The proposed merger of Wal-Mart-owned Asda and Sainsbury's may not look like a big deal to the UK video games industry, but it is.
There was a time (just ten years ago, in fact) when the games retail scene in the UK was a confusing mess of different outlets - mainstream retailers, websites, entertainment specialists, games specialists, toy stores, indie stores, rental outlets... all vying for a piece of the £4 billion+ UK physical games business.
Tesco, Asda, Sainsbury's, Morrisons, Blockbuster, Argos, HMV, WH Smiths, Woolworths, Toys R Us, GAME, Gamestation, Zavvi/Virgin Megastores, Play.com, John Lewis, Dixons, Amazon, Chips, Grainger Games... all fighting and squabbling over every 0.1% of market share.
Over the years, many of those stores have simply vanished. Some have seen their numbers reduced significantly. There are a few that have moved out of games entirely. Meanwhile, others have whittled down their commitment to video games to a token section at the back of the shop.
"Physical games, hardware and accessories in the UK is still worth £2.3 billion. That's no petty change.
The reason for this decline is no secret or surprise. Digital downloading has played a big part, of course, but also the movement of casual consumers away from consoles and towards mobile. In 2008, the UK physical games market (console, accessories and boxed software) generated £4.034 billion. In 2017, that number was down to £1.75 billion.
That highlights the sheer scale of the decline, but it also shows us how important the boxed games business still is. £1.75 billion is not petty change. In fact, if you include VR headsets, PC gaming rigs, merchandise and soundtracks, you're looking at a market worth over £2.3 billion (Source: GfK, Nielsen, Official Charts and SuperData).
This is why the UK games retail market has remained relatively competitive, and potentially lucrative. There's even still a semi-vibrant indie retail scene - even if a lot of it is focused on pre-owned and retro.
Yet the past 12 months has seen arguably the most significant shake-up of the UK games retail market since GAME fell into administration some six years ago.
The first move actually occurred two years ago, when Sainsbury's acquired Argos. Sainsbury's has been a long-term stockiest of games, and with over 600 superstores and 800 convenience stores, was a decent player in the games retail scene.
Argos is even more significant. After the collapse of Blockbuster and Woolworths, and the decline in outlets of HMV and GAME, Argos found itself as one of the only places some people could buy games on their local High Streets. The catalogue retailer has capitalised on this, expanding its team, increasing its range and even creating specific video game catalogues to cater for this underserved market.
So, with Sainsbury's looking to merge with Asda - who is also a games retailer with more than 500 stores across the country - you're now looking at a retail group of potentially 2,000 shops that stock physical video games.
It will take time, but those two Head Offices will merge. This summer, Argos and Sainsbury's' two games teams will unite. So publishers will eventually find themselves dealing with one team for that entire estate.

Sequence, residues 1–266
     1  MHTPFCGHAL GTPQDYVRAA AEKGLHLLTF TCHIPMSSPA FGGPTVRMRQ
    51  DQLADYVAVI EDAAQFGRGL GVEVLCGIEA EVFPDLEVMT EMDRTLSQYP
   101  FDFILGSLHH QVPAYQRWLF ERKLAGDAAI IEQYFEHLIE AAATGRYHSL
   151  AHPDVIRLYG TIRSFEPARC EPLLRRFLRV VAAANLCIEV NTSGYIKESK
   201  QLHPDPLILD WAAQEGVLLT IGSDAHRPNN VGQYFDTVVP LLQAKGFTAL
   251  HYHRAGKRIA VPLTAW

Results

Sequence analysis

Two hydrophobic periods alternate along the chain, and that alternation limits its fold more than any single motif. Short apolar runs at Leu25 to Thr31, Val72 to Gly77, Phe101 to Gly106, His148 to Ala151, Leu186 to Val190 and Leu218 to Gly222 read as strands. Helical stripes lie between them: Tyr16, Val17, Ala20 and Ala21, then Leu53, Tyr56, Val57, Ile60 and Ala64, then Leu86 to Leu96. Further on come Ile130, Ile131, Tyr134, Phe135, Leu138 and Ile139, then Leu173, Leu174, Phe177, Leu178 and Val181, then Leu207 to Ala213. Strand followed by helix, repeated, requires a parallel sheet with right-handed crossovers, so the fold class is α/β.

This is significant in itself, but the other phenomenon that has presented itself in recent months is the fall of mid-sized games retailers. Toys R Us and Grainger Games have disappeared as players within the business since the start of the year.
That means we're potentially looking at four retail groups that account for the vast majority of physical game sales in the UK. There's this new Sainsbury's/Asda/Argos group, Tesco with its 730 superstores (not counting the thousands of smaller shops it operates), GAME (which has been going through its own drama via its major partnership with Sports Direct) and, of course, Amazon.
There are other retailers, of course, such as HMV and ShopTo and Zavvi, but between those four, you're looking at between 70 - 80% of the boxed games business in Britain. This somewhat mirrors the US market, which for many years now has had a handful of very big retailers accounting for most of the sector.
And these are relatively stable retailers, too. These stores are not under any immediate threat. Even GAME, who were looking a little unsteady 12 months ago, has found itself on firmer footing via its Sports Direct team-up.
So what does this mean practically? Well, the new Asda/Sainsbury's has already stated it wants to lower prices, so that will certainly make for interesting terms meetings between the retailer and its suppliers. Indeed, we'll be looking at four very strong players trying to secure the best deals and exclusive content, which will undoubtedly hurt some of the remaining mid-level stores.
Yet there's also a sense of inevitability about the consolidation and simplification of UK games retail, as the market moves increasingly digital. Last year's biggest AAA games - Assassin's Creed Origins, Call of Duty: WWII and FIFA 18 - saw 20 - 23% of sales come via PSN, Xbox Live and Steam. That's a sizeable increase over the 10 - 15% being reported back in 2016.
And in extreme cases, such as Destiny 2, up to 40% of sales are coming via digital channels.
It's inevitable, then, that as digital takes a stronger grasp of the business, that the physical space consolidates around a selection of big players.
Yet it's also necessary from a wider business perspective. Dealing with 20 different retail groups was never sustainable, and today with marketers and sales execs having to manage longer game lifecycles and various digital channels, it would be nigh on impossible.
It has taken its time to get here, but in the last 12 months UK games retail is now starting to look precisely as we expected it one day would.